Make sure to talk with the staff as well. Do they seem to have genuinely caring qualities? Would you trust those staff members to help you if you were a resident? 

Ask about staff turnover, too. A facility with a new director every year doesn't sound promising.

Check on inspection reports, any complaint investigations, and licensing while you're there. 

That way, you can feel rest assured this CCRC is a safe living environment for the long-term.

3. Financials

Ask to see the facility's disclosure statement and any audited financial figures. 

The disclosure statement will indicate if the CCRC has the financial resources to continuously provide their services. 

Consider it a red flag if you see their expenses are higher than their operating income. Liabilities that exceed assets are a problem, too. 

You can have a financial adviser review the financial figures for you. That way, you know the CCRC is financially stable. 

4. Amenities

During your tour, ask about the facilities amenities. This can include a health center, wellness program, rehabilitation program, or pool.

Some centers even offer spas where residents can get a massage or facial. 

On the other hand, you might prioritize transportation services. Ask if the facility is located near public transit. If it's not, does the community offer transportation?

Other amenities might include high-speed Internet, a juice bar, or even priority access for sports tickets.

Keep an eye out for overlapping senior services, too. That way, you can take advantage of all the services and amenities the CCRC and surrounding areas offer. 

Confident and reputable services will make sure that the nursing home features and amenities featured are prominently displayed in their branding material, and will also let you tour those, as discussed above, it depending on the sensitive needs of the current residents. 

After all, two sets of similarly described amenities may refer to slightly different uses, or could be used at different times, or may be of higher quality than that on offer in other facilities. Keeping that in mind will help you make the shrewdest decision possible.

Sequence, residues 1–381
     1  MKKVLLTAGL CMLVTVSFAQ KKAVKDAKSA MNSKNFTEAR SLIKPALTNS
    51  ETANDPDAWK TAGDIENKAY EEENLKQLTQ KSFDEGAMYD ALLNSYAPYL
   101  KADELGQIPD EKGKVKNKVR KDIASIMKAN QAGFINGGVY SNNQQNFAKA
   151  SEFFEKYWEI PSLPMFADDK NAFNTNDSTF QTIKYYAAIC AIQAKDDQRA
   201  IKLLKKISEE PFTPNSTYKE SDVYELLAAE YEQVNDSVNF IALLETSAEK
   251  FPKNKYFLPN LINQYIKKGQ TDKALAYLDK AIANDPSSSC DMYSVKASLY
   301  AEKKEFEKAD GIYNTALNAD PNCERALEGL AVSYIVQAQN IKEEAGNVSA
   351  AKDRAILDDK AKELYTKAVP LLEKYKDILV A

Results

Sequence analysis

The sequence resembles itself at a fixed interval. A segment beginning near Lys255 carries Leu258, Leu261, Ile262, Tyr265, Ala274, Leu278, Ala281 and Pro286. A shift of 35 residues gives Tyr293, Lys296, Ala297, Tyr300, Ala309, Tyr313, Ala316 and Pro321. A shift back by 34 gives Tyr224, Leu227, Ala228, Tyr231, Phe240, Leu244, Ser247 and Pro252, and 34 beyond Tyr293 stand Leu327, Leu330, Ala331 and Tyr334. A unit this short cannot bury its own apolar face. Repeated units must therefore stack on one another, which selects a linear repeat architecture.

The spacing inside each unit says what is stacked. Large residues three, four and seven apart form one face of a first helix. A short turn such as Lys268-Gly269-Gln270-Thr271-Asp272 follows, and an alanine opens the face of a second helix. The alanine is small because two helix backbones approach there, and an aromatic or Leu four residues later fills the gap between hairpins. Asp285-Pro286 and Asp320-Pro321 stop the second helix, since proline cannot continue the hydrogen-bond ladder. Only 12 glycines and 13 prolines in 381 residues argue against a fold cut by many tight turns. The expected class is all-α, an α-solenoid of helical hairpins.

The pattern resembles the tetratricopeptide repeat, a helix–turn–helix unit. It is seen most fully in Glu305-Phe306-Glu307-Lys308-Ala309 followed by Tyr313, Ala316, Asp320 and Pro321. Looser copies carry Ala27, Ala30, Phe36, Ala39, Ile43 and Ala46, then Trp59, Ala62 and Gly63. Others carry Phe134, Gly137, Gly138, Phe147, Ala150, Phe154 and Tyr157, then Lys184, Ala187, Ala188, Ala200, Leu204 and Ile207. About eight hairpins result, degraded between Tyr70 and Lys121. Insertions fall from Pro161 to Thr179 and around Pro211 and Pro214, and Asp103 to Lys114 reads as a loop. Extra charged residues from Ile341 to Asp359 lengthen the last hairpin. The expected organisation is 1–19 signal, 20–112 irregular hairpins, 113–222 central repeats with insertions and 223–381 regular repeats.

5. Advanced Care

According to the Centers for Disease Control and Prevention, the average life expectancy in the U.S. is 78.6 years. With the right care for seniors, however, we can improve this life expectancy.

Some continuing care retirement communities offer wings dedicated to memory care services. This can include Alzheimer's or other forms of dementia.

Should I Move to a Retirement Community? 

If you or a loved one requires advanced levels of care, make sure to prioritize those needs during your search. Advanced levels of care aren't always available in every community. 

Once you find a community that offers this care, ask about the occupancy rate. Facilities that are filled might have a difficult time keeping up with financial obligations. Meanwhile, a lower rate over an extended period of time can indicate problems with the facility. 

CCRCs with higher vacancies might offer incentives (a lower entrance fee or temporary monthly fee discount), so keep those in mind, too!

5 Key Qualities in a Continuing Care Retirement Community

The search is on! With these five key qualities to find in a continuing care retirement community, you can narrow down your search to find the best CCRC for you. Discover the perfect fit and everything you need in a CCRC with these tips. 

Find a continuing care retirement community in your area by using this free online tool. Then, you can find the perfect CCRC for yourself or a loved one.